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Provocation of Migraine after Maximal Exercise: A Test-Retest Study.

Journal article
Authors Emma Varkey
Bente Grüner Sveälv
Fredrik Edin
Annica Ravn-Fischer
Åsa Cider
Published in European neurology
Volume 78
Issue 1-2
Pages 22-27
ISSN 1421-9913
Publication year 2017
Published at Institute of Neuroscience and Physiology, Department of Health and Rehabilitation
Department of Food and Nutrition, and Sport Science
Institute of Medicine, Department of Molecular and Clinical Medicine
Pages 22-27
Language en
Links dx.doi.org/10.1159/000477166
www.ncbi.nlm.nih.gov/entrez/query.f...
Subject categories Cardiovascular medicine

Abstract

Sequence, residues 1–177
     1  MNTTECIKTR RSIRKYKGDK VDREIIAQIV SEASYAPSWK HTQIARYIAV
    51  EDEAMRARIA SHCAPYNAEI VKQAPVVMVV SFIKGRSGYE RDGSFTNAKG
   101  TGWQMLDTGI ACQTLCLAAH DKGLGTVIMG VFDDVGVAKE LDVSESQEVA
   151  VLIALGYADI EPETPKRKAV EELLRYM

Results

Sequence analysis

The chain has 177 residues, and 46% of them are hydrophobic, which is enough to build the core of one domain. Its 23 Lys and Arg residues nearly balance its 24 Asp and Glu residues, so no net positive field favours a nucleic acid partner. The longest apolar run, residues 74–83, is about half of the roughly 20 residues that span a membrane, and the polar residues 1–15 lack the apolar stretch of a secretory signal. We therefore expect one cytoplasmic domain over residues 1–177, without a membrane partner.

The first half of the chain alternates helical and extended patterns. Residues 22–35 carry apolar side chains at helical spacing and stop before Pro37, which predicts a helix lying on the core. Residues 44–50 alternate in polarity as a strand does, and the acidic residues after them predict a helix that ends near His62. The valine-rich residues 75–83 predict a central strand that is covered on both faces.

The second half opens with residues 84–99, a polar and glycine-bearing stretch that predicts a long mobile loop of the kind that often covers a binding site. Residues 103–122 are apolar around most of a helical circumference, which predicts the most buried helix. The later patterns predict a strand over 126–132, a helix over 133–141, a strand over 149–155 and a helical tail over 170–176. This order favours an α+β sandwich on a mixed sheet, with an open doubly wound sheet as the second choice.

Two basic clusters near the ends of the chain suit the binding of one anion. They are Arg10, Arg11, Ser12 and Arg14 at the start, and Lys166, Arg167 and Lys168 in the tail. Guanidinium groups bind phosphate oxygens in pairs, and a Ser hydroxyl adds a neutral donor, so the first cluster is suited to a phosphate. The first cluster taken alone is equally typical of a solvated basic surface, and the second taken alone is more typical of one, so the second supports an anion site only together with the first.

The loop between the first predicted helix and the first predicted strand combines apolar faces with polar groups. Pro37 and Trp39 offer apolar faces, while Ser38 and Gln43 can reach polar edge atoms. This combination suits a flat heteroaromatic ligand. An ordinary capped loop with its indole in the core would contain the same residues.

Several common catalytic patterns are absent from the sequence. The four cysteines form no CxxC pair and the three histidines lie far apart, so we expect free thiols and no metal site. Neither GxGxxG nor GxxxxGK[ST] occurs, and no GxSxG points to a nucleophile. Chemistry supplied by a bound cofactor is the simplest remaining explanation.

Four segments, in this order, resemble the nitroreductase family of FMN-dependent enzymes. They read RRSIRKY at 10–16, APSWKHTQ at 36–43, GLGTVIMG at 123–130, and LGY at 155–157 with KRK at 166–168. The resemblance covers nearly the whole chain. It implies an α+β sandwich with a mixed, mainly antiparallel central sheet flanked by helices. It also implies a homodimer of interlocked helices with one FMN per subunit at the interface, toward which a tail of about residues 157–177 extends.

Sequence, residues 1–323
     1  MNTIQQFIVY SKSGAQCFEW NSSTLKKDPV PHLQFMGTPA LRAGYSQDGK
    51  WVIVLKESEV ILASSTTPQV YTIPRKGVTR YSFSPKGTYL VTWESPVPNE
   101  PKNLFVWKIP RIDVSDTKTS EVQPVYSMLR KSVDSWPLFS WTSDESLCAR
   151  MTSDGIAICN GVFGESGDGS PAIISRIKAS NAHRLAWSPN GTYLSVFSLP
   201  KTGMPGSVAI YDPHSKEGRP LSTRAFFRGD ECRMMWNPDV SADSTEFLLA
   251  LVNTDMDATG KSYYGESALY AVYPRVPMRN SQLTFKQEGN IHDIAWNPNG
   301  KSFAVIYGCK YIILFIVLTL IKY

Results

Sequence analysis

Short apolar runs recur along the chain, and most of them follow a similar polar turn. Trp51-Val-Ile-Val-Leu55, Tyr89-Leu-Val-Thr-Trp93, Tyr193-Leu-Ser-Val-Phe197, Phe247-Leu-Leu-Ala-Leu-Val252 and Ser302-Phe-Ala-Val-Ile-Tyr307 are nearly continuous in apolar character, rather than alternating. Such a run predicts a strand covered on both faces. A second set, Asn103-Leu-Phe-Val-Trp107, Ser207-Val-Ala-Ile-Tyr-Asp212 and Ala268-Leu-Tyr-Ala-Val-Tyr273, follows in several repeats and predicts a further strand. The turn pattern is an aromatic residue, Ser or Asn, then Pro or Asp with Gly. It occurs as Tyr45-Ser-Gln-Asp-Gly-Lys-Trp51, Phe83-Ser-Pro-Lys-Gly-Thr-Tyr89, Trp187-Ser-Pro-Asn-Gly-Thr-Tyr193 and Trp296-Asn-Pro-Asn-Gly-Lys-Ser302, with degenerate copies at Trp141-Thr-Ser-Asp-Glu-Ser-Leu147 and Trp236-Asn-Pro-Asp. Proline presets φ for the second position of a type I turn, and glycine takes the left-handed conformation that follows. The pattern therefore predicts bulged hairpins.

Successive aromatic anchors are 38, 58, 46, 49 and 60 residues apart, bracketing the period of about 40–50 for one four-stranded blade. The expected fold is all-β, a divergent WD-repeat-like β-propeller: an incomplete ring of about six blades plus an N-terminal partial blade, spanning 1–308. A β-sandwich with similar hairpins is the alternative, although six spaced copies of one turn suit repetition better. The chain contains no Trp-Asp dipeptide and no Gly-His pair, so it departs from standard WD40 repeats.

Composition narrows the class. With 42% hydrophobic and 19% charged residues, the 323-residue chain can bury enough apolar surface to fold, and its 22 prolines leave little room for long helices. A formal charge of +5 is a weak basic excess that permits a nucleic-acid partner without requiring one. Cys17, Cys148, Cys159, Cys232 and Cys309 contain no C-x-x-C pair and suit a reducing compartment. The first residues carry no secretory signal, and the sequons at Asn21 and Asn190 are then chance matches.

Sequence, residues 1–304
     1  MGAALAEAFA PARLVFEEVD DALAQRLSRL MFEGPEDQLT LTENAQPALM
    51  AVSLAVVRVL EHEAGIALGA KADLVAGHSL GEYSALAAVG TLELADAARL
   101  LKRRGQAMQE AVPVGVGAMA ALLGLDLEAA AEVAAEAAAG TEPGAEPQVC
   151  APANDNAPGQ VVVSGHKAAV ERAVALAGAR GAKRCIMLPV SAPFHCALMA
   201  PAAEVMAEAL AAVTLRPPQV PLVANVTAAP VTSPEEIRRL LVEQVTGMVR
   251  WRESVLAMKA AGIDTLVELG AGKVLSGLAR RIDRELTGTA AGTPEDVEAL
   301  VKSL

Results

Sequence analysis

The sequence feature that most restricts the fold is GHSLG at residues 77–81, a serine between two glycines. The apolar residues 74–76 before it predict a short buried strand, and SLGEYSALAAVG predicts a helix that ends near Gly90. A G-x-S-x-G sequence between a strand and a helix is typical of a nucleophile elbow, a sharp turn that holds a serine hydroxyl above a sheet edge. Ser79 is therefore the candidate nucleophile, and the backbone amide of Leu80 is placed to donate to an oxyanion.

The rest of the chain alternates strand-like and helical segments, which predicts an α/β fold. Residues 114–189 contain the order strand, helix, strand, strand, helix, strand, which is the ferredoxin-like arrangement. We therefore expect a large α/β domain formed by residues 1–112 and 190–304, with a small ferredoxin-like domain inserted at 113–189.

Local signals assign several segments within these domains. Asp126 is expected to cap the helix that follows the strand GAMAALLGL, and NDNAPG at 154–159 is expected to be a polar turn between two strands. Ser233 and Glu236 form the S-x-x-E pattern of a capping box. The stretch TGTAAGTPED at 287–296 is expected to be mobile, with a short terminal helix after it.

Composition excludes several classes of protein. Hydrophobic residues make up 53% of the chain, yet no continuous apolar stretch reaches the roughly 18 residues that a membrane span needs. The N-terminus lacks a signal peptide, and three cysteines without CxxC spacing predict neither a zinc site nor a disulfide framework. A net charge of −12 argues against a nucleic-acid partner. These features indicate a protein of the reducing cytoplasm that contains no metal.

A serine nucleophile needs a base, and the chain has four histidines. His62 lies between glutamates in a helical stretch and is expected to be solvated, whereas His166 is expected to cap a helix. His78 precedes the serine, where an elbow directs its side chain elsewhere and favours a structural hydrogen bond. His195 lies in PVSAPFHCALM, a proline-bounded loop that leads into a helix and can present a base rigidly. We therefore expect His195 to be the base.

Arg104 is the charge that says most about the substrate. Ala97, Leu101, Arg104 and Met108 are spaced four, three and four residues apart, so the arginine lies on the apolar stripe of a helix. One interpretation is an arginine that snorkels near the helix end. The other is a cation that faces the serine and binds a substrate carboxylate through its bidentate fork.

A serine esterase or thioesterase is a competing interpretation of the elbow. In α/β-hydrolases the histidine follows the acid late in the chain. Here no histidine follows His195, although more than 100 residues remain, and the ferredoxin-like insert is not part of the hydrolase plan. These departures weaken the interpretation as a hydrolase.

Exercise is often recommended in migraine treatment, but strenuous physical activity is also reported as a migraine trigger. The main aim of this study was to evaluate whether migraine can be triggered by a maximal exercise test, using a prospective test-retest method. A secondary aim was to compare the participants who responded to the maximal exercise test with a migraine attack with those who did not suffer a migraine attack after the test.A total of 19 patients reporting exercise as a potential trigger for their migraines were included in the study. After a baseline period of 1 month with measurements of migraine frequency, a cycle ergometer test until exhaustion was used twice on each patient.A total of 14 patients were test-retested, and of these, 3 reported migraine following both tests, 5 after one of the tests, and 6 did not report migraine after either test. We observed a higher risk of migraine after 1 or 2 tests in patients with a higher baseline migraine frequency (p = 0.036).In conclusion, the study showed that although maximal aerobic exercise can trigger migraine attacks, it does not always provoke an attack even in those who report exercise as a migraine trigger.

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